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Past series

More about the first five series of notes issued by the Bank of Canada.

Canada’s official notes and coins are called legal tender

Bank notes issued by the Bank of Canada, together with coins issued by the Royal Canadian Mint, are what is known as “legal tender.” That’s a technical term meaning the Government of Canada has deemed them to be the official money we use in our country. In legal terms, it means “the money approved in a country for paying debts.”

Today, money is not just bank notes but takes many different forms: credit cards, debit cards, cheques, and contactless payments using mobile devices. You can pay with any of these forms of money, even though they are not considered “legal tender.” In fact, anything can be used if the buyer and seller agree on the form of payment. So “legal tender” has little impact on our everyday lives.

Legal tender status for older bank notes

In the 2018 budget, the Government of Canada announced that it will ask for the power to be able to remove legal tender status from bank notes—something it cannot do now. If that power is approved by Parliament, the plan would be to remove that designation from certain bank notes that are no longer being produced—the $1, $2, $25, $500 and $1,000 notes—and they would be officially taken out of circulation.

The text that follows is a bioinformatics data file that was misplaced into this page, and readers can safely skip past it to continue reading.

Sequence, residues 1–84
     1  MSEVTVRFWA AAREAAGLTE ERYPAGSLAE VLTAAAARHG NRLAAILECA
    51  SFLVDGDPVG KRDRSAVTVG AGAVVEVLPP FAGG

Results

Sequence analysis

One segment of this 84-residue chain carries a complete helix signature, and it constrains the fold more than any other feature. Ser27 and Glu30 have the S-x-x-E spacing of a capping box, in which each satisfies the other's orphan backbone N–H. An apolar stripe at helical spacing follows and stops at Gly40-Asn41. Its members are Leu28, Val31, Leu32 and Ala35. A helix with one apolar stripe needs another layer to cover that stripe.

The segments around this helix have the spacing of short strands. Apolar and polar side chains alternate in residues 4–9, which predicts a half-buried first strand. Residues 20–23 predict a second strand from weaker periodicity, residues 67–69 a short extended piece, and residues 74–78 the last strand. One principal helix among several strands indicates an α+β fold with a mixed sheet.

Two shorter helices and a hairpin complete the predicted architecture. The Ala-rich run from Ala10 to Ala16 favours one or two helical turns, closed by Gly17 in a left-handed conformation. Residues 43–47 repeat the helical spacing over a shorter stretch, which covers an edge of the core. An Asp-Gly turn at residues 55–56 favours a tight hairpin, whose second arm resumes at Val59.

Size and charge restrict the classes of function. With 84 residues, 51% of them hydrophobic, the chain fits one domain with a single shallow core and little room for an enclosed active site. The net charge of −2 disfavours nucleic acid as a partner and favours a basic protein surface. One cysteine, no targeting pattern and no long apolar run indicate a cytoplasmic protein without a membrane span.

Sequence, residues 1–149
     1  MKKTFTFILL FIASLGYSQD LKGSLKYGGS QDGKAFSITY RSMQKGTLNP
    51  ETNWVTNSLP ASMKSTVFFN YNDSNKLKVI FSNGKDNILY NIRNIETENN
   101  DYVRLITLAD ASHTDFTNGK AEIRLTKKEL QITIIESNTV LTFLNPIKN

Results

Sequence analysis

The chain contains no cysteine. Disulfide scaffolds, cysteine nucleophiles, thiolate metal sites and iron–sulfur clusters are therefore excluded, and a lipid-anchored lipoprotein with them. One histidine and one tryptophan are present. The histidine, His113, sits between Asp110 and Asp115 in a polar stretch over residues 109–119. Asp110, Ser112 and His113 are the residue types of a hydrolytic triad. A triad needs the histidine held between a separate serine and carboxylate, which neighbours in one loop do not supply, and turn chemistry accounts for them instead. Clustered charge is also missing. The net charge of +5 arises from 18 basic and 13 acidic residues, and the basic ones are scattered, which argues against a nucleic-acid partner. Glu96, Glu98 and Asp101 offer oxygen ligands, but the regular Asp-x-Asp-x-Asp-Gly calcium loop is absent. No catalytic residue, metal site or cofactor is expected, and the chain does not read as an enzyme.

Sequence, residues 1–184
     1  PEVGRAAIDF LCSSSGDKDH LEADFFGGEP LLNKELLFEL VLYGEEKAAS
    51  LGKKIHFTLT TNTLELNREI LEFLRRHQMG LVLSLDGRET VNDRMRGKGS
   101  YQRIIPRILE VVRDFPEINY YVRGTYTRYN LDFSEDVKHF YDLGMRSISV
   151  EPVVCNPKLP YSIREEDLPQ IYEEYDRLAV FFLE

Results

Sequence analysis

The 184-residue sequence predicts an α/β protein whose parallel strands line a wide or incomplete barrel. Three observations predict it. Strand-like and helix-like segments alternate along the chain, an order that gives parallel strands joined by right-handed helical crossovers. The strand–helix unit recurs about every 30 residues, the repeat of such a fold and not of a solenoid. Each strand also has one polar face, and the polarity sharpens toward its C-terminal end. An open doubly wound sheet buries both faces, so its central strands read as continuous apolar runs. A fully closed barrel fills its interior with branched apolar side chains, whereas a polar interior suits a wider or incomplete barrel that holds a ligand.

Scenes of Canada series

Often dubbed the “multicoloured series,” these bank notes were released beginning in 1969 in response to growing concerns about counterfeiting.

1954 series

Design changes to this third series of Bank of Canada notes included moving the portrait off centre and to the right, simplifying the line work, and integrating Canada’s coat of arms into the background design.

1937 series

The creation of a second series of bank notes, only two years after the first, was prompted by changes in Canadian government legislation that required the Bank of Canada to produce bilingual bank notes.

1935 series

The Bank of Canada was founded in 1934 and given responsibility, through an Act of Parliament, to regulate the country's money supply and to "promote the economic and financial welfare of Canada."